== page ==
Friday, October 13, 2006


Iraqi Death Survey Part VI

The effects of migration on the extrapolated numbers

The data used to determine the number of clusters per Governorate, as well as the probability of a particular Administrative Region's selection within the Governorate, and to extrapolate to the final 600,000+ figure come from 2004 estimates of Iraqi population.

There are several things to think about here.

First of all, how accurate are 2004 population estimates likely to be, to begin with? Census data from the Saddam era has every reason to be suspect, and in so far as the 2004 estimates base calculations on pre-2003 census data, they are likely to be flawed. Moreover, independent estimates made in 2004 are likely to suffer from many of the same uncertainties present in this study, namely logistical difficulties in conducting surveys, imprecise administrative records and the like. There's simply no way to know how good these 2004 estimates are, and every reason to believe that they are rough estimates, at best.

Be that as it may, and assuming for the moment that they are accurate, what effects do massive displacement since that time have on the extrapolated numbers?

According to official reports , over 180,000 internally displaced refugees were reported just between the months of February and June of 2006. Undoubtedly those not registering pushes the number much higher. As I pointed out below, the survey methodology means that these displaced refugees had very little chance of being surveyed. But in addition to that, their migration is sure to skew the analysis of the data.

The authors acknowledge as much in their paper:

"The population data used for cluster selection were at least 2 years old, and if populations subsequently migrated from areas of high mortality to those with low mortality, the sample might have over-represented the high-mortality
Well, not just over-represented in sampling, but also over-estimated in projections.

In addition, of course, emigration from Iraq entirely would cause the estimates to be overstated by a corresponding amount (if the population were only 22.5 million, rather than 25 million, for example, then the true extrapolated estimate would have to be revised downward by 10%)

The authors, however, also make this very misleading statement about internal migration:

“internal population movement would be less likely to affect results appreciably [than emigration from Iraq.]”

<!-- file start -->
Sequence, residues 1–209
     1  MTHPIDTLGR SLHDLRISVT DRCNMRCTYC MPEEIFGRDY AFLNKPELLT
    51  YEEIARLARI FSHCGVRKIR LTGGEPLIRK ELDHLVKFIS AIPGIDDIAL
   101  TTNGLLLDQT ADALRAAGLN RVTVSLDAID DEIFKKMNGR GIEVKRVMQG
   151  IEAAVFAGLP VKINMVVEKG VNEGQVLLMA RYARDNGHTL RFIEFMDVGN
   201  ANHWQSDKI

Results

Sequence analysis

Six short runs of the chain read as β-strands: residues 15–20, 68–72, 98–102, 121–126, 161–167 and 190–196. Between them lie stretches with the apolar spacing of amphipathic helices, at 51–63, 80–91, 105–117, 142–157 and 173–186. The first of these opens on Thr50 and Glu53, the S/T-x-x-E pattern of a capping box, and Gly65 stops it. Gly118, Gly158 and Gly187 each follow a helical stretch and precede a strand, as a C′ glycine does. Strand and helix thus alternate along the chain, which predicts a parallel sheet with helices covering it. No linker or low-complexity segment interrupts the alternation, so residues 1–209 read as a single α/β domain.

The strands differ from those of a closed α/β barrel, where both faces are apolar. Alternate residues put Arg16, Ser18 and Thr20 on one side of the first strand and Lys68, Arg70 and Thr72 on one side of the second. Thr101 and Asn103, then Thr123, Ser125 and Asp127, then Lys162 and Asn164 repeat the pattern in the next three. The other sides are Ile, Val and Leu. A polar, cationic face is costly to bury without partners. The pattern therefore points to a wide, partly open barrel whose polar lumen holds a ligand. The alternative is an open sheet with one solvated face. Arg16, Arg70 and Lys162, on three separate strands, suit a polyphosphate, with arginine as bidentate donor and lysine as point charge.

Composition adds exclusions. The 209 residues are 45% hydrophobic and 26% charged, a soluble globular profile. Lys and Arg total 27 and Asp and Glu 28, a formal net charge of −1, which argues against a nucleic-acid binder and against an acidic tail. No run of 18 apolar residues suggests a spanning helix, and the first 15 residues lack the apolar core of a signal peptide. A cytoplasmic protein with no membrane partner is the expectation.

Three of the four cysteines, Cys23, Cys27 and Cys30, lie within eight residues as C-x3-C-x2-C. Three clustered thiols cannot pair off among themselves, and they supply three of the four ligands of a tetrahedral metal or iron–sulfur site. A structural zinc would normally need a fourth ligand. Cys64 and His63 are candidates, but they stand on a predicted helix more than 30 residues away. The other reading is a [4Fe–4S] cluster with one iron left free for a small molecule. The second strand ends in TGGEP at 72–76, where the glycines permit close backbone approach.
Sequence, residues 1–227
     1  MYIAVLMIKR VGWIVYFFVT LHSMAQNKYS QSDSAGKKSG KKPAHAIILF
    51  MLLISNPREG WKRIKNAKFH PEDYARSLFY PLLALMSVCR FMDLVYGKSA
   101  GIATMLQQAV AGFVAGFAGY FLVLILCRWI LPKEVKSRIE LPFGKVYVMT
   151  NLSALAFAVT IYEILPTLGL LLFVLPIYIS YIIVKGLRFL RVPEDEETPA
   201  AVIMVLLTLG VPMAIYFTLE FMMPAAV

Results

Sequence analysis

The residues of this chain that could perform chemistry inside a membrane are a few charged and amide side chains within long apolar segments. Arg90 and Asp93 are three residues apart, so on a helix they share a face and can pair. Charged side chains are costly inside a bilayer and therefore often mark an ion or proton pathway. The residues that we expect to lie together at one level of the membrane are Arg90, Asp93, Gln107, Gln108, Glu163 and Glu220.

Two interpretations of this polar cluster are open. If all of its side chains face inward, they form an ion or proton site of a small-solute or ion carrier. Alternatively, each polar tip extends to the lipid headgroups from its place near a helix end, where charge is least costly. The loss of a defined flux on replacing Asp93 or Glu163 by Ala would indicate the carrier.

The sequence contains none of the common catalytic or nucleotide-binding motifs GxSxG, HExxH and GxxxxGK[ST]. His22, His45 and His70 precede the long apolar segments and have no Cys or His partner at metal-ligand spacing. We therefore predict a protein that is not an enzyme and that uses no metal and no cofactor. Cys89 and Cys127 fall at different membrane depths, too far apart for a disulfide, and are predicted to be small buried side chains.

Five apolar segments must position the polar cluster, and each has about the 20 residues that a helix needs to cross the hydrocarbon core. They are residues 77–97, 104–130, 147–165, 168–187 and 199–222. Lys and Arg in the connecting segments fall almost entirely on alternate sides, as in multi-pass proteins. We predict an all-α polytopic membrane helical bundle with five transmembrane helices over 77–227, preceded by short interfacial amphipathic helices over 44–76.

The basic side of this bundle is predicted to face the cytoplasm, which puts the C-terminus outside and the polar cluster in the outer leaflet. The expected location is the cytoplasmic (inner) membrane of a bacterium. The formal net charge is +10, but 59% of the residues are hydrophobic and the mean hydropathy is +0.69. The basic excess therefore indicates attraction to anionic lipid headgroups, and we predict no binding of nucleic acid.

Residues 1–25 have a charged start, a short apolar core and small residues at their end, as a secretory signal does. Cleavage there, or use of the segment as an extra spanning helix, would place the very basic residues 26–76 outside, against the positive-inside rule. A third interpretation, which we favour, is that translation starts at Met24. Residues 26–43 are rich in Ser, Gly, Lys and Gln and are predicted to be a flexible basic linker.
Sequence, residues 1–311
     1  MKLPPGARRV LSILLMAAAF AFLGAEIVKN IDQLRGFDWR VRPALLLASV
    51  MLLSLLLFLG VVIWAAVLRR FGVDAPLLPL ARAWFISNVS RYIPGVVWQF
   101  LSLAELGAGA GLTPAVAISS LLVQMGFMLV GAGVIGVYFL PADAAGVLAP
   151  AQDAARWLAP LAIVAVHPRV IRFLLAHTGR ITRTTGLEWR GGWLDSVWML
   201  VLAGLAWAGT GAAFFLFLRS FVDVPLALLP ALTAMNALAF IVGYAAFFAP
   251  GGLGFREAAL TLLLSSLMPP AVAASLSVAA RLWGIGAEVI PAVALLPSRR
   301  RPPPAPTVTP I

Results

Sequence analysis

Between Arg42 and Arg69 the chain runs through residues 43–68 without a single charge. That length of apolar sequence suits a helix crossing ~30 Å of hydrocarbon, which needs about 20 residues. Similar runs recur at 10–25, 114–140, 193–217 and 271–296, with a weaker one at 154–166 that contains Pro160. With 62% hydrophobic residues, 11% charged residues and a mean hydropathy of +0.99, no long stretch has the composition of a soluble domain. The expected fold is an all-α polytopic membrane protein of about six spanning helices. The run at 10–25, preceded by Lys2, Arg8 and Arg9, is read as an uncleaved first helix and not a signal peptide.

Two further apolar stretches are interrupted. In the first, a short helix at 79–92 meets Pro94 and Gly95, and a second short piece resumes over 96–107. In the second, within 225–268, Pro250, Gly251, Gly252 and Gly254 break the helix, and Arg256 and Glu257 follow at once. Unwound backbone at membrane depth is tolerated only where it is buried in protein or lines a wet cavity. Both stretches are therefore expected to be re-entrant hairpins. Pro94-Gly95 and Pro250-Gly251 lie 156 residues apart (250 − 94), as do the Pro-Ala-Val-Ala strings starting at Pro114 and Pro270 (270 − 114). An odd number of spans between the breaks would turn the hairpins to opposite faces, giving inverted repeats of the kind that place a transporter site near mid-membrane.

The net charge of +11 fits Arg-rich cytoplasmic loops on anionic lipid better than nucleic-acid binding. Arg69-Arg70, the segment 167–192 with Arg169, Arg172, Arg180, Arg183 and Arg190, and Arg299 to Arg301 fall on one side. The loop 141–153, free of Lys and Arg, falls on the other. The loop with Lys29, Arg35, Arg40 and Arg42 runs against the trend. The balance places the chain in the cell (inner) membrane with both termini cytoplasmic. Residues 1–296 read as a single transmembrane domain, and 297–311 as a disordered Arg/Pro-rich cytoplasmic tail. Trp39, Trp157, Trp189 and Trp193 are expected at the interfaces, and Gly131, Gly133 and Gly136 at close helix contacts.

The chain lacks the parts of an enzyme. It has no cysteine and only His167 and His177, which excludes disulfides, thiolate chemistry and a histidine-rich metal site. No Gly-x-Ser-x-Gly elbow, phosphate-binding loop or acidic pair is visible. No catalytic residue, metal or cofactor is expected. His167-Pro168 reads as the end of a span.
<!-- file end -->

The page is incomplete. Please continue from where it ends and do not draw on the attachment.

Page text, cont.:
Perhaps less likely, but the effect could be considerable: Consider the following simplified (and exaggerated) example:

Suppose there are 2 regions, each with population = 1 million in 2004, and suppose that, from 2004 to 2006 one of the regions is subjected to extreme violence, while the other is not. Suppose that this causes 50% of the population (500,000) to move from the region of extreme violence to the region without.

Now, suppose a survey is done in the two regions, where we find that the violent death toll in the war-torn region is 10 per 1000, while in the more peaceful region it is 2 per 1000 (in the latest 1 year period.)

Assuming that the surveys are accurate, we would see that:

Actual deaths in war-torn region: 10 per 1000 x 500,000 = 5,000

Extrapolated deaths in war-torn region: 10 per 1000 x 1,000,000 = 10,000

Actual deaths in more peaceful region: 2 per 1000 x 1,500,000 = 3,000

Extrapolated deaths in more peaceful region: 2 per 1000 x 1,000,000 = 2,000

Total actual deaths: 8,000

Total extrapolated deaths: 12,000

Difference: 4000 deaths or an over-estimate of 50%.

Now, the true changes from 2004 to 2006 are liable to be far less than the 50% in the example. However, there is also the multiplier effect of overestimation in sampling combined with overestimation in extrapolation:

Suppose that a city had a population of 50,000 in 2004, but due to a flare-up of violence, half the people left the city by 2006 (this is NOT at all unlikely, there are reports of entire cities becoming ghost towns overnight, due to the actions of the various militias and insurgent groups, see, for example, Fallujah.) Even though its actual 2006 population was 25,000, it would have twice the likelihood that it should have of being selected, based on its current population. And, given that it had suffered this tremendous out-migration, it would be far likelier to be in a very violent area, contributing higher than representative numbers, which in turn get multiplied by a higher than correct factor.

On the other hand, if it were in a very violent area, it's quite possible that the survey teams would simply have decided that it was too risky to get there, and selected, at their whim, another, safer place (which, again, takes this survey completely out of the realm of statistical analysis, without doing a psychoanalysis of the survey teams, and attempting to massage the data in some way to compensate for their selection biases.)

Again, the purpose of these analyses is not to show that the actual numbers are higher or lower than the survey's estimates, but rather to analyze the many flaws in both the methodology and interpretation of the survey which may lead it to be not especially meaningful.

Update: BBC has more on Iraqi displacement estimates here.

This discussion, where I raised some similar concerns to yours (as Johan W) may be of interest.
I think your point about the likelihood of the survey teams preforming as they reported they have is worth exploring further.

I will post a link to your blog there as it should be innterest to the discussion.
Thanks, Genwolf (Johan). And thanks for the link to HurryUpHarry's, where there were some very interesting points made -- yours especially, along with the typical blogging bluster. ("Size of math cock?" Oh, well.)
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